Part of Paul’s five-year balanced budged plan calls for eliminating the Department of Education and phasing out all of its functions other than Pell grants. Although student aid isnot specifically mentioned in his plan, Paul would like to see “eventually transitioning student aid away from the inefficient and ineffective federal government and back to local governments and private market-based solutions.”
At a recent debate, Paul asserted, "There's no authority in the Constitution for the federal government to be dealing with education."
During the CNBC debate, Paul agreed with reformers who warn that higher education is the next bubble, explaining that government has injected lots of money into universities and they have responded by raising prices far faster than inflation and by padding their payrolls with useless (or perhaps harmful) administrators.
Known as an education innovator, Rick Perry made a splash with his suggestion that a degree should only cost $10,000. As governor of Texas, he has also focused on improving academic standards.
Perry’s website states, “Gov. Perry believes substantial savings could be found if we would dramatically reduce the size and influence of the U.S. Department of Education, narrowing its focus to instead serve as a clearing house for best practices and innovative methods, instead of an arbiter of one-size-fits-all mandates.”
While Perry was governor, Texas became the first state to make stringent college-ready curriculum the standard coursework required for graduation; students are required to graduate with four courses in math, science, English, and social studies.
As governor of Texas, Perry also signed legislation to require schools to offer high school students 12 hours of dual credit in college courses.
Perry has defended Texas’ in-state tuition laws, saying that they are not the equivalent of the DREAM act. His website states, “In Texas, any child who has lived in the state for three years, graduated from a state high school and is pursuing citizenship is allowed to pay in-state tuition rates for college.”
As governor of Massachusetts, Romney established a limitedrecord on higher education. And although his campaign hasn’t focused on higher education, Romney’s few statements on the topic seem to be consistent with his gubernatorial record. Representative Virginia Foxx (R-NC), chairwoman of the House Subcommittee on Higher Education, has announced her support for Romney’s presidential campaign.
During his time in office, Romney created a merit-based scholarship that provides full tuition to a state university or college to the top 25 percent of high school students graduating from public schools, including charter schools.
In 2004, he vetoed a proposal to allow undocumented immigrants to pay in-state tuition rates at state colleges and universities. He has reiterated the stance during the campaign. He said earlier this year: “I love legal immigration. I’m happy to help legal immigrants but illegal immigrants coming here getting a break—a $100,000 break on college tuition financed by taxpayers makes no sense.”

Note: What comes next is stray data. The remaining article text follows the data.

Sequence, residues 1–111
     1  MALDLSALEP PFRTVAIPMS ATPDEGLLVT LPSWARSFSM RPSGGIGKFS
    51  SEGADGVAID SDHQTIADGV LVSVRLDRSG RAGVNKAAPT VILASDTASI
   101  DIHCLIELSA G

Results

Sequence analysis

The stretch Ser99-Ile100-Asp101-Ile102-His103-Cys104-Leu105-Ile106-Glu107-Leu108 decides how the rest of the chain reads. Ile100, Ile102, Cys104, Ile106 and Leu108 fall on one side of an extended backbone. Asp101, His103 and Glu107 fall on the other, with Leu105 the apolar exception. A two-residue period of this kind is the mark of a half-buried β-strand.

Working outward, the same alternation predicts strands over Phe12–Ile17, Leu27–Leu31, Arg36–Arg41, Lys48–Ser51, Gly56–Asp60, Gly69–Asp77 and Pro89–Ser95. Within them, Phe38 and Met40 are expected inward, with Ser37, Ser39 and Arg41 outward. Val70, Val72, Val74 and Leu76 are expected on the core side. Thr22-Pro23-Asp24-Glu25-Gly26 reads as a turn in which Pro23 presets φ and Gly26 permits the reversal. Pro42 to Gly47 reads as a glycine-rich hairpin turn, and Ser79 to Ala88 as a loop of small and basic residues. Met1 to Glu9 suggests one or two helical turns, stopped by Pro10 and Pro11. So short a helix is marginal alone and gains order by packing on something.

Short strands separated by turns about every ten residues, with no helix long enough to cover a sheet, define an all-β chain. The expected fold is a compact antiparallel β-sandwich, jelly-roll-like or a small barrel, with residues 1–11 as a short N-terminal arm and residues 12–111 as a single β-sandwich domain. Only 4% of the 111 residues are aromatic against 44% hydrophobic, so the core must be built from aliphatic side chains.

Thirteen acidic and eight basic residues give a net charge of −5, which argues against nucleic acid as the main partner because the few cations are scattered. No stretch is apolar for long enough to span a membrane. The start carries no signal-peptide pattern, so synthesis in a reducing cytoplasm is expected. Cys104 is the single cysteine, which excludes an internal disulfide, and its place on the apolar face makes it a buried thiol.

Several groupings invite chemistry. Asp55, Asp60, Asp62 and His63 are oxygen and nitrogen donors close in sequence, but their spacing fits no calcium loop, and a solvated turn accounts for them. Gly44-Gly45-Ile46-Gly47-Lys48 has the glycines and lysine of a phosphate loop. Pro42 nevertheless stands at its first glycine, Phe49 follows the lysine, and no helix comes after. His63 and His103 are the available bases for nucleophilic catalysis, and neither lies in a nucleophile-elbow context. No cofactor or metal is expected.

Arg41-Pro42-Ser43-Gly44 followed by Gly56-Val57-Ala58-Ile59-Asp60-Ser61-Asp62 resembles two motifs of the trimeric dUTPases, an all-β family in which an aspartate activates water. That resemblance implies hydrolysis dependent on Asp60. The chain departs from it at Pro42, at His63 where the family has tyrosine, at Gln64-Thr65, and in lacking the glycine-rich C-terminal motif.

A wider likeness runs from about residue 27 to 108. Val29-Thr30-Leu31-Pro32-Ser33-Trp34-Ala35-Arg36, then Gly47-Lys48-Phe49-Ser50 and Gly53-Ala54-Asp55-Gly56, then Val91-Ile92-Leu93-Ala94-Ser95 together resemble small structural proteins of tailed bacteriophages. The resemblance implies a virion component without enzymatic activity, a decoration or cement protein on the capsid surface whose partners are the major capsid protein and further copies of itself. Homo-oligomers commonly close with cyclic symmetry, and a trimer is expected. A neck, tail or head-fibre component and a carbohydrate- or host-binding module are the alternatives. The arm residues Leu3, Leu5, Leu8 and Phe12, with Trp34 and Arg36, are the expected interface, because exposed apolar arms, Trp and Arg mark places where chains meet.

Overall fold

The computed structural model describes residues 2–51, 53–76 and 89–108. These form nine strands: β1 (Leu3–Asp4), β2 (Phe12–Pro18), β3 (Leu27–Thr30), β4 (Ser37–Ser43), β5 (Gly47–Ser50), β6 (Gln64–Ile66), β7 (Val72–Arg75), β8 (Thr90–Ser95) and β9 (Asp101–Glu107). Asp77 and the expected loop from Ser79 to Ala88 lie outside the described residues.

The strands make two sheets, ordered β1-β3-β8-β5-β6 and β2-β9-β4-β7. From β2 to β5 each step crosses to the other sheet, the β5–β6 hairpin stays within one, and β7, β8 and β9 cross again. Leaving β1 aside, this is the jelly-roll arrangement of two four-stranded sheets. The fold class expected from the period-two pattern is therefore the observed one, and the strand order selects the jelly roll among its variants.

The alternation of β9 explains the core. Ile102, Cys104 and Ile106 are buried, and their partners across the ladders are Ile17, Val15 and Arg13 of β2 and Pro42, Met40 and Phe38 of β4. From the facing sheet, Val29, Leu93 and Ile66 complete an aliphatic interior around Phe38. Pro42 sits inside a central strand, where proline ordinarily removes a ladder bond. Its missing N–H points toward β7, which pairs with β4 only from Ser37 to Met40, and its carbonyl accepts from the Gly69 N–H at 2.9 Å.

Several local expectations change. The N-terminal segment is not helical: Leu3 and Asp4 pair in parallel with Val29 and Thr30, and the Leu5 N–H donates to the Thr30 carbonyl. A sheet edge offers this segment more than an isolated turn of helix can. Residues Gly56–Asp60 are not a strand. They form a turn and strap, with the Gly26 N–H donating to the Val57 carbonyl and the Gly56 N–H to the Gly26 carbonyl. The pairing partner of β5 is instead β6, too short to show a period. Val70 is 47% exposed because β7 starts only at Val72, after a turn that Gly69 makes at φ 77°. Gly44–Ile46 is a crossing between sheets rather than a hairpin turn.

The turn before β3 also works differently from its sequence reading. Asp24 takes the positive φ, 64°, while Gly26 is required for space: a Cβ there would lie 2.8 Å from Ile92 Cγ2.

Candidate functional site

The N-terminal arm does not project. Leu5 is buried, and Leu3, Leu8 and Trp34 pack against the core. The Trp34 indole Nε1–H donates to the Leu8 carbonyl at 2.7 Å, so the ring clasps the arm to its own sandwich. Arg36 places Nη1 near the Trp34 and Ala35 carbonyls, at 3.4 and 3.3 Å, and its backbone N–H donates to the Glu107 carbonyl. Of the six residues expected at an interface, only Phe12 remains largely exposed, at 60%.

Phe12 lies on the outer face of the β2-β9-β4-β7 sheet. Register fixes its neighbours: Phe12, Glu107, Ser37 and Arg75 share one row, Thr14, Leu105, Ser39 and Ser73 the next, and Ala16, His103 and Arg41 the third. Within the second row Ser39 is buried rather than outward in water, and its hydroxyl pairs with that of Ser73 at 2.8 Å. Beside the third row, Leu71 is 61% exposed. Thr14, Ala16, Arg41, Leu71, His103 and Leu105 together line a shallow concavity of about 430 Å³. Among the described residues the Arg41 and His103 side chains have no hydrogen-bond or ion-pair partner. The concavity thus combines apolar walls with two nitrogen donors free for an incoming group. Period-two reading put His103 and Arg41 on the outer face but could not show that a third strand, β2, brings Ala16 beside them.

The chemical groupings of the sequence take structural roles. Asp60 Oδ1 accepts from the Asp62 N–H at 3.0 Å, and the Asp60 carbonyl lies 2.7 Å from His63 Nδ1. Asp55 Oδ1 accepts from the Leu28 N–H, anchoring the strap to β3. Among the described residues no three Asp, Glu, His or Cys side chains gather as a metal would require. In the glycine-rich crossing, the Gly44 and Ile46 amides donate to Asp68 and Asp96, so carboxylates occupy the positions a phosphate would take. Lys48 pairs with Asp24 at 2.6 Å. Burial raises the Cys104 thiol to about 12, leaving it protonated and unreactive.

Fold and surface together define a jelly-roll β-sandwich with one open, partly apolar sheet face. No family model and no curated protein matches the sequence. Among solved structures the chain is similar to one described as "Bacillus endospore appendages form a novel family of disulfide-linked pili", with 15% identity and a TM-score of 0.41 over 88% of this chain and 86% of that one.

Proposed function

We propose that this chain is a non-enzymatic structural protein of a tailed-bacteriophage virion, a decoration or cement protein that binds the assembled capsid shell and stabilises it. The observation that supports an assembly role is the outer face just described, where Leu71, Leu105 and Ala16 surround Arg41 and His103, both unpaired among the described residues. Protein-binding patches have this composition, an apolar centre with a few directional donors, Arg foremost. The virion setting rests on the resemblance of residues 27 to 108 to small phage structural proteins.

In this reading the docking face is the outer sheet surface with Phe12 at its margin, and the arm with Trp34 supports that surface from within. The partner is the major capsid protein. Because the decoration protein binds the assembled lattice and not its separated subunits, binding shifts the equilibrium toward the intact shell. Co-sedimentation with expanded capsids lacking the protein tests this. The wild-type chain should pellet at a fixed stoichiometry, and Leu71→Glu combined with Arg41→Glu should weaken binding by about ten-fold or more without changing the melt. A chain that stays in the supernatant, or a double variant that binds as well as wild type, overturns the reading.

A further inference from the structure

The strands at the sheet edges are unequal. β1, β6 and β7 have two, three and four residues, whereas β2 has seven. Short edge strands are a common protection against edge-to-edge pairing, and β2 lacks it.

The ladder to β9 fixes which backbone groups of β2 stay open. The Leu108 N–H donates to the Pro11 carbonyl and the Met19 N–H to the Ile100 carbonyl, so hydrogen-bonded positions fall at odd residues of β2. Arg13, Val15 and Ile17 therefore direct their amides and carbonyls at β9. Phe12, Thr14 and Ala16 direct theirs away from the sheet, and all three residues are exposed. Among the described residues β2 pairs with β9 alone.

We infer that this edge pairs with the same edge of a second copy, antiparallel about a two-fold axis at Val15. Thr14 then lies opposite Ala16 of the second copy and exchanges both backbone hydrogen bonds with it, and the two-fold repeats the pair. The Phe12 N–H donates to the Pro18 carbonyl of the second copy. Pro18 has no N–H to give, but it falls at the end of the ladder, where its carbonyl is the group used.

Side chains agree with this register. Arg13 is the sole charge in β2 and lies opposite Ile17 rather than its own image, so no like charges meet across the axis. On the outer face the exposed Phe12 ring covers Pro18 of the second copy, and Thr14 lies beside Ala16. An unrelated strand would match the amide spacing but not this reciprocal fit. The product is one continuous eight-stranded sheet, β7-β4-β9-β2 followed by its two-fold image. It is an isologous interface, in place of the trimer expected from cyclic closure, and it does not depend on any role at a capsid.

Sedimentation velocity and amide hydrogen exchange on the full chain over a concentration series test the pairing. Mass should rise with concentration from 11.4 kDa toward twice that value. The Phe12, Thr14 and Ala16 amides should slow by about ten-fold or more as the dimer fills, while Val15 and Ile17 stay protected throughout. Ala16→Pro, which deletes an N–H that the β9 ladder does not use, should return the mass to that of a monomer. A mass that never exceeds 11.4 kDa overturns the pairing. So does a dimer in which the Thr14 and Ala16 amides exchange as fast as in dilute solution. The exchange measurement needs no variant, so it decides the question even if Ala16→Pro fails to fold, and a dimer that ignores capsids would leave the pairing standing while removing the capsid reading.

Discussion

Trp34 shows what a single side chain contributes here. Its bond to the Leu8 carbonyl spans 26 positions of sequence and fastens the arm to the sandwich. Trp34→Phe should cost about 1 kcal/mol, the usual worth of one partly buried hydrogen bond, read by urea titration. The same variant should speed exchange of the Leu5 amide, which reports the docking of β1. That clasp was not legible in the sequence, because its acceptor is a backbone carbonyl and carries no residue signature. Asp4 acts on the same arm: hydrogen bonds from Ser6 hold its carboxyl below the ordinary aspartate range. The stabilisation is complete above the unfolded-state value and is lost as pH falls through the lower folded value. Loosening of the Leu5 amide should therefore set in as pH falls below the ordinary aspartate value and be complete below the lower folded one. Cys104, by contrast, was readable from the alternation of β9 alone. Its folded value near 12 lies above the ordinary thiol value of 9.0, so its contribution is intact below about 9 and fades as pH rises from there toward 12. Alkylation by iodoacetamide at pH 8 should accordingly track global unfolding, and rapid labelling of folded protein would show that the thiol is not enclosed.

Romney’s campaign to fight corruption in Massachusetts’ 29-campus higher education system effectively forced University of Massachusetts President William M. Bulger from office when it revealed Bulger’s continued communication with his brother, fugitive mobster James ''Whitey'' Bulger.
Romney has highlighted recent college graduates unemployment rates as part of his jobs plan. In a campaign video attacking President Obama’s jobs record, Romney acknowledged the recent growth in unemployment rates for young college graduates. He has suggested an investment in human capital to help alleviate the problem.
Pennsylvania senator Rick Santorum is concerned about the cost of federal interference in higher education and the bias he sees in the education system.
On his website, Santorum criticizes the "humanism and secularism being pushed on our children," particularly in higher education, which he said is “eroding religious belief.”
In an interview with the Des Moines Register, Santorum suggested limiting the role of the Department of Education, saying, “It will be incredibly limited. I don’t come in with the mistake that George Bush came in with, that I’m the governor of the United States. I don’t believe it’s the federal (government’s) job to reorder the education system.”
Santorum does not support the DREAM Act. In the Fox News presidential debate, he criticized Perry for implying that subsidization is the only way to give immigrants access to higher education.
Despite general agreement about the scope of the Department of Education, the Republican 2012 candidates offer a broad range of policy suggestions and innovations for voters to consider.